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RESEARCH THINKTANK


The China problem SUBJECT GEOPOLITICS


DESPITE THE ONGOING TRADE WAR, FOREIGN FIRMS ARE RESOLUTE ON STAYING IN THE COUNTRY, WRITE URI DADUSH AND PAULINE WEIL


China holds a paradox: Western policy-makers and many firms decry discriminatory business practices — concerns that have culminated in a trade war between the US and China — yet foreign direct investment (FDI) in China continues to thrive. In the first quarter of this year, FDI into China soared by 40% compared to the same period a year prior and, as reported by Unctad, the country overtook the US as the top destination for overall foreign investment in 2020. China’s trade in goods and services, in which value chains animated by foreign investors play a crucial role, is also as buoyant as ever.


Investing in China In a recent paper, we tried to reconcile these contrasting realities. Although tensions over human rights, security and geopolitics clearly play a big role in relations with China, we focused solely on the economic and business aspects of the situation. To do so, we first examined


surveys of EU, US and Japanese businesses operating in China to understand why they continue to operate there, despite the trade war. Unsurprisingly, businesses point to the size and dynamism of China’s market as key to their presence. However, they also mention several threats and concerns that give them pause. We focus specifically on those concerns to compare China with other countries that attract large amounts of FDI. We only used trusted sources, such as the OECD, the World Bank, the World Economic Forum and the World Trade Organization. In a highly politicised debate, our aim was to arrive at an appraisal of business conditions in China that is as fact-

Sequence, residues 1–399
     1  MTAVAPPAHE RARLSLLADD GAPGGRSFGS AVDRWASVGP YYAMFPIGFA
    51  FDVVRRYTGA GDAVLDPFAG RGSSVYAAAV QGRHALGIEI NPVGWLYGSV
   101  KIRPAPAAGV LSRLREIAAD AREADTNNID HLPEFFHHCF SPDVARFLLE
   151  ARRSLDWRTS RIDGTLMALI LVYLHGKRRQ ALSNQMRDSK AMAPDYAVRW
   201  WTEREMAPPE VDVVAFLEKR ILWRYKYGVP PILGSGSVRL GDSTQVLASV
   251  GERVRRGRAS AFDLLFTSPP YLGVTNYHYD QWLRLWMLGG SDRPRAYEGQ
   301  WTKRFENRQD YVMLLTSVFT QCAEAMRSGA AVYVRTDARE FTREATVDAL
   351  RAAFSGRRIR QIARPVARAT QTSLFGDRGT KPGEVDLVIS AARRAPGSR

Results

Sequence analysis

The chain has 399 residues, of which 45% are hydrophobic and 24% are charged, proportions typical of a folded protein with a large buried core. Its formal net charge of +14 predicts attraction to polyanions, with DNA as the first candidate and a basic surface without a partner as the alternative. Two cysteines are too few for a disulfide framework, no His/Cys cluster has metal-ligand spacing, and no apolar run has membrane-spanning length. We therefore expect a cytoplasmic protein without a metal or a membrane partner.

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based and objective as possible. Drawing on company surveys


and international comparisons, we show that some of the concerns expressed by Western policy-makers about operating in China are real, and that a particular weakness is the uneven and difficult-to-predict application of laws and regulations, as distinct from the laws themselves. However, we also show that,


along many important dimensions (such as protection of intellectual property [IP] rights, for example), China compares well with other countries at similar levels of development, while in others (such as overall ease of doing business), China outranks nearly all developing countries and even some advanced countries. The implication is that, while China’s size and dynamism are clearly very important for foreign investors, they provide only one part of the explanation of the country’s attractiveness. Moreover, contrary to the prevailing narrative, conditions for doing business in China have improved considerably over the past few years.


Macro fundamentals help


explain the attractiveness of China. The country is now the world’s largest market for many products, from automobiles to some luxury products. According to a McKinsey study, top global brands now have a higher penetration in China than in the US. Chinese consumer goods markets — and those for machinery, parts and equipment — are growing three times as fast as their Western counterparts. Meanwhile, per capita incomes in


China (a good proxy for labour cost), are about one-fifth of those in the West. Accounting for productivity, the cost of labour in China in many sectors, though rising rapidly, remains internationally competitive. It is not surprising, therefore, that many international companies place China among their three top strategic priorities as a market and production base and, despite political pressures of various kinds, very few firms say they plan to leave the country. However, China’s market size


and growth trends are not the whole story.


www.fDiIntelligence.com August/September 2021


Illustration by John Holcroft


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